You Need Support
Very often when you are faced with dealing with any type of mental health issue or severe stress, it can be easy to isolate yourself and try to handle things on your own. However, one of the best coping strategies is to build a multi-faceted support system that you can access whenever you may need it. Some of this support can come from social relationships, family, professional resources, or support groups. There are never too many resources that you can add to this list. It is one of the crucial components of maintaining more stability in your mental health treatment.
A New Approach to Mental Health Treatment
Slade (2012) recognizes the fact that support systems are very important to mental health recovery. A global approach to mental health systems can go a long way toward making this happen. He suggests that public policy can make a shift away from treating the person as a patient, and to involving them in coming up with a recovery plan that works. This might include expanding and re-imagining mental health treatment as it currently exists, with a large emphasis on providing as many supports as possible to the individual. He argues that this will lead to a person living a more fulfilling life which may be able to combat some of the common issues in mental illness.
Housing, Employment and Personal Relationships
Bovier, Chamot, and Pernager (2004) take this idea a step further to focus on how social supports may be even more important to individuals struggling with mental health concerns. The idea is that the more social support someone has, the more likely they are to have less stress, and stress exacerbates the symptoms of many mental health problems. They define three areas where clinicians can help people to get the support that they need. Included are housing, employment and personal relationships. When these three domains are taken care of, often people have better treatment outcomes.
According to the Mayo Clinic (n.d.), social systems are vitally important in the mental health treatment program, but some people have difficulty in connecting with these social systems. In many cases, people may have alienated themselves from friend, family and the community as a result of behaviors related to mental illness. However, these systems can be rebuilt and redefined. Working with a mental health professional to identify where support can be found may be the easiest approach. Social support systems can increase feelings of self-worth, and can be a source of strength when formalized systems may not be available.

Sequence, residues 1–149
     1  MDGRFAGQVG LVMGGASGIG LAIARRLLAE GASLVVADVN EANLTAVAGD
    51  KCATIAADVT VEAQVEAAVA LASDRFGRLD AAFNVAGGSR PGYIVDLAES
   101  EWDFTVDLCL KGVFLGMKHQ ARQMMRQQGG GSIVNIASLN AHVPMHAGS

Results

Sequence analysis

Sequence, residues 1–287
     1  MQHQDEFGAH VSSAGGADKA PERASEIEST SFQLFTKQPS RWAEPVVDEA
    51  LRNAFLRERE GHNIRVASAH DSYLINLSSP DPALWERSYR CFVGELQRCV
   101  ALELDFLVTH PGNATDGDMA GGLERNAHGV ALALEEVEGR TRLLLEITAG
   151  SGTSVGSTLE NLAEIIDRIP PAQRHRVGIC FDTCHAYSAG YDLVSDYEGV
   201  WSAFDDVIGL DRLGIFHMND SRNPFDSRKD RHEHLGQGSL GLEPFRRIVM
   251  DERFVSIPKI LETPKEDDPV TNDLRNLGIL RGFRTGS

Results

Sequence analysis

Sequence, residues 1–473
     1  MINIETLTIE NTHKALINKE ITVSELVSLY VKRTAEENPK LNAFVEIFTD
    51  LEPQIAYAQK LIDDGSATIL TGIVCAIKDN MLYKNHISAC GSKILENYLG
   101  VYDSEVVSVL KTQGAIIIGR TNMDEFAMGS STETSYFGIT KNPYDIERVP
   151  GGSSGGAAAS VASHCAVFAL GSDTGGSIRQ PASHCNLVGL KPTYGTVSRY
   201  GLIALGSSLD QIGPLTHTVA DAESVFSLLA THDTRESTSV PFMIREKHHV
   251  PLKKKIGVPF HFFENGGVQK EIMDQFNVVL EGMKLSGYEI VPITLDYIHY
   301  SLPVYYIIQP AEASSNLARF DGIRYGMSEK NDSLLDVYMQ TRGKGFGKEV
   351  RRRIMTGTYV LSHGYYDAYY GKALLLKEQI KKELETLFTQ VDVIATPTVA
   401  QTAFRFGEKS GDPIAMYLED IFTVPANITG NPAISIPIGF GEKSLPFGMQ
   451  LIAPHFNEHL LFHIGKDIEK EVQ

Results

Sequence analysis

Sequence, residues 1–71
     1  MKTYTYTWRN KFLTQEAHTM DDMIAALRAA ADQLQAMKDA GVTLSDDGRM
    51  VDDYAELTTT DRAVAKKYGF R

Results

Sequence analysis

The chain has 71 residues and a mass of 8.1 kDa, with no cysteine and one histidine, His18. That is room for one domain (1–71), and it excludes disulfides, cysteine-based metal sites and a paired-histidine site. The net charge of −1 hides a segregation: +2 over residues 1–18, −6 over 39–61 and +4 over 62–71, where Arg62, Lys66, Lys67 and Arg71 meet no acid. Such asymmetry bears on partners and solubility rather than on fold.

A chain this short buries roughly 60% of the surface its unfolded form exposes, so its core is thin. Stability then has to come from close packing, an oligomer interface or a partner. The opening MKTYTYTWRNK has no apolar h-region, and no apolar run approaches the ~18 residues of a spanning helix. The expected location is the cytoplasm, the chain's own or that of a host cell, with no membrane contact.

Taking Steps to Support
The first step is to evaluate the supports that you may already have in place. Many people with mental health issues have a counselor or doctor who they see on a professional basis. This may be the only identifiable source of support in the beginning of your recovery. They will often encourage you to consider other more formal support systems such as a recovery support group in the area. This can be scary at the beginning, but is often a great way to meet other people who understand and will listen to some of what you may be experiencing.
Family and friends are often the next step. It is important to remember that these should be people who are supportive of your recovery. It may be difficult at first, because people who are not mentally ill do not always understand your illness or may not know how to help. But some of these people will want to help and you can point them in the right direction toward resources and information that may help them to understand. Answering everyone’s questions can be exhausting and sometimes irritating, but if you are willing to engage, it will strengthen these relationships.
Finally, engagement in some sort of community group or activity can be a valuable system of support. Some people find this through volunteer work, church attendance, or getting involved with a cause. Not only does this give new avenues for meeting people, it also gives some meaning to life, and increases feelings of self-worth and acceptance.
Support is Worth The Effort
It is not always easy to get through these steps and it is very likely that it will take some time and effort. But if you can see the value in it, recovery often becomes easier. One of the hardest things in mental illness is the impulse to hide or keep your mental illness a secret. However, more and more people are coming to understand that mental illnesses are common and are not something to be feared. It is important to know who is safe and how much is safe to disclose to others, and not all of your support systems need to know all of the details. But treatment is often more effective when it consists of more than just counseling or medication. The more tools you have at your disposal, the easier things will be.
Bovier, P. A., Chamot, E., & Perneger, T. V. (2004). Perceived stress, internal resources, and social support as determinants of mental health among young adults. Quality of Life Research, 13(1), 161-70.
Mayo Clinic (n.d.). Stress management. Retrieved from http://www.mayoclinic.org/healthy-living/stress-management/in-depth/social-support/art-20044445
Slade, M., PhD. (2012). Everyday solutions for everyday problems: How mental health systems can support recovery. Psychiatric Services, 63(7), 702-4.